3

This question is extremely subjective, so anyone with experience will (and should) come up with his one personal way. What I will describe is therefore just an idea of when and why to use shoes with ankle support. The distinctions between the two types that cause the different application exceed the (no) ankle support: boots (ankle support) stiff sole ...


3

I lean towards light and fast dry running shoes such as the Lone Peak from Altra. This shoe goes under $100 on sale. It also comes with a gator-ready velcro at the back. There is no ankle support which I don't personally consider a problem. I've seen this shoe recommended at trail shops. They seem to be quite popular on long trails nowadays. I recommend ...


2

Aside from the excellent answer by Michael Borgwandt, I have to add that a climbing shoe isn't just there for better gripping. Just like any other shoe, it also protects your feet from any sharp objects or rough surfaces that you may encounter along your trip. The more widely used paths have probably been worn down, but if you're on a new path, it is likely ...


2

One thing is that I doubt it's possible to train the toes to have significant strength; unlike the fingers, they are simply not built for that job. And most of the time, you have a lot more weight on your feet than on your hands. Injury and strain would be a big problem. Then there's the sweating: there's actually more sweat glands in your soles than ...


2

I have a pair of hiking shoes that are waterproof so they appear to have been dipped in rubber for about an inch and a half up the shoe. They work with our dress code but I find that when I leave the carpeted area into the hardwood lobby where as everyone else's shoes go "click clack" mine go "squish squish"! Every time that happens I consider wearing my ...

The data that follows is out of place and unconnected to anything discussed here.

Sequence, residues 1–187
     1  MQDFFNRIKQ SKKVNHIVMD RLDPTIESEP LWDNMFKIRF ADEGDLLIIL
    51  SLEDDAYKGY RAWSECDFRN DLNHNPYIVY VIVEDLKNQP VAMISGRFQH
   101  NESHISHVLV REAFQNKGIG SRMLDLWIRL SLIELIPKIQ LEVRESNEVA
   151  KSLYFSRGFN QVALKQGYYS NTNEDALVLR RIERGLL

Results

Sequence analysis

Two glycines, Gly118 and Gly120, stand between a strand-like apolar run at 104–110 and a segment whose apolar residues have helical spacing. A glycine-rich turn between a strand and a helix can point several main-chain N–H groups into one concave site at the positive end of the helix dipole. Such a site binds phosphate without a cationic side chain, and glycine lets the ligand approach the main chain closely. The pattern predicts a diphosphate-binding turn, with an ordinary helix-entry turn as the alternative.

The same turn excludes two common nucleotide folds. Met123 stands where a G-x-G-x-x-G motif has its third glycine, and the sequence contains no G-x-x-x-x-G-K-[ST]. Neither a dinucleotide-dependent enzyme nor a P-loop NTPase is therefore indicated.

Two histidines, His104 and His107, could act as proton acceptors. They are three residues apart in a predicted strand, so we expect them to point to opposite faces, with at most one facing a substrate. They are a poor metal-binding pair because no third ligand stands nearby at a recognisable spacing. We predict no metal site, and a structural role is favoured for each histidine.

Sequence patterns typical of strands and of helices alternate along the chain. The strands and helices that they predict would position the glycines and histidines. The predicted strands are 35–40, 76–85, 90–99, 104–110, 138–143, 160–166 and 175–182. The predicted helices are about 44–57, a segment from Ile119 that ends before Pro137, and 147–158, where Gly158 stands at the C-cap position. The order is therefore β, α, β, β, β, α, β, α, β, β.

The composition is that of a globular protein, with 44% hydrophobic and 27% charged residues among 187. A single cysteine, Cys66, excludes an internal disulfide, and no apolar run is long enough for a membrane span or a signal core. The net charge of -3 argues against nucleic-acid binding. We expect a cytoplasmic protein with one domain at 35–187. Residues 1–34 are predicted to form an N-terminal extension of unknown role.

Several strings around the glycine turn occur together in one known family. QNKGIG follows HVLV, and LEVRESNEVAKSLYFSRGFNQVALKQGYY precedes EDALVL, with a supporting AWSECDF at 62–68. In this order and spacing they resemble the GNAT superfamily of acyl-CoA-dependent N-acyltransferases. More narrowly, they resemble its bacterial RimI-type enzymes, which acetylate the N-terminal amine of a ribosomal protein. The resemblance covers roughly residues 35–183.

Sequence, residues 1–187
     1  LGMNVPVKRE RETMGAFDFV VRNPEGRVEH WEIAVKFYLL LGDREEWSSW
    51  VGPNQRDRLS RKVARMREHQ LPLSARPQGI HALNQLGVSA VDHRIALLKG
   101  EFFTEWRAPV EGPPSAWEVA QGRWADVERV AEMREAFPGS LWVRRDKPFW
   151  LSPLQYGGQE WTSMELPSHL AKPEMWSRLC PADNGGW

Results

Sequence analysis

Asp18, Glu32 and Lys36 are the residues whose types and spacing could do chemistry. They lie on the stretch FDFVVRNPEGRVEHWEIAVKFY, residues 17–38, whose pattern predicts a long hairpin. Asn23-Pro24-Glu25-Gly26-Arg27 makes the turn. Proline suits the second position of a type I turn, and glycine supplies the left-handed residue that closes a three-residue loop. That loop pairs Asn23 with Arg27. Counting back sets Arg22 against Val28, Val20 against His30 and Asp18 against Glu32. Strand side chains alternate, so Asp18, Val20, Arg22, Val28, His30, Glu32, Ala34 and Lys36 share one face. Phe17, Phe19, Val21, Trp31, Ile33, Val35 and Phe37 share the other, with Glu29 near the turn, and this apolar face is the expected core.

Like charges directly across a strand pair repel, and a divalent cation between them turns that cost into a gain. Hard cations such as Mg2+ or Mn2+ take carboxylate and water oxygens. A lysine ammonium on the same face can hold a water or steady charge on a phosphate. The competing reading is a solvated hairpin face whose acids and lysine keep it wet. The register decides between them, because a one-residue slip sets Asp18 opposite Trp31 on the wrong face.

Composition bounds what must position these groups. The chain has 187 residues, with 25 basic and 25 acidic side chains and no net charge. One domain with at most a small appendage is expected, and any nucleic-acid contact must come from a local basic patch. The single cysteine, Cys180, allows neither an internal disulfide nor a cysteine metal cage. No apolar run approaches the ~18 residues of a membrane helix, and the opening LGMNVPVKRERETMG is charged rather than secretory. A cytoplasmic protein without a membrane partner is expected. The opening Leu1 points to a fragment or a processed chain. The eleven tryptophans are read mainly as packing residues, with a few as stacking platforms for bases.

2

Yes, you are seeing it right, I am answering the question right away, but I intentionally asked this question so that I can have more views and opinions about it, specially the ones that contradicts what I think. I would rather prefer to have it decided upon what I am planning to do on-field. If I am going at a route that involves Rock-climbing, I don't ...


1

Without further information on the actual fabric makeup of the nyloprene being used by stohlquist it is going to be extremely difficult to properly answer this. This reason for this is because different companies are making nyloprene in different manners. As I am sure you know nyloprene is a multi-layer fabric of neoprene and other fabrics, including but ...


1

Trail runners, cross trainers, and court (tennis) shoes have better side support that will help prevent this.


1

A lot definitely comes down to personal preference. Some like tall boots, light weight trail runners, more "classic" hiking boots, regular sneakers, or even sandals (I don't recommend that last one...) My preference is actually for a 8" combat / law enforcement style boot (preferably with a side-zip for easy removal). I feel that they provide a good amount ...


1

Full leather shoes are easy to take care of in a way: they'll perform exactly accordingly to how you treat them. First off: if the shoes are new, don't to anything. They'll already be treated/impregnated and ready to use (apart from breaking them in). You'll likely not gain anything by applying additional impregnation. Treatments I have experience with: ...


1

I treat my leather boots with neatsfoot oil, and that generally is plenty to protect the leather and keep it supple in mud and wet. If it is snow with a lot of salt and things around, I might add something waxy like Snoseal or mink oil. Overall, neatsfoot oil is cheap and works wonderfully. Generally it is all I need spending a lot of time outdoors in ...


1

What brands and product lines to look first? Try as many as you can! The fit (not the brand) is the most important. Try on lots and see which ones feel the best. Which characteristics/features to look for? For that temperature range you want something pretty cooling. Lighter, thinner material boots are likely your best bet. It doesn't sound like ...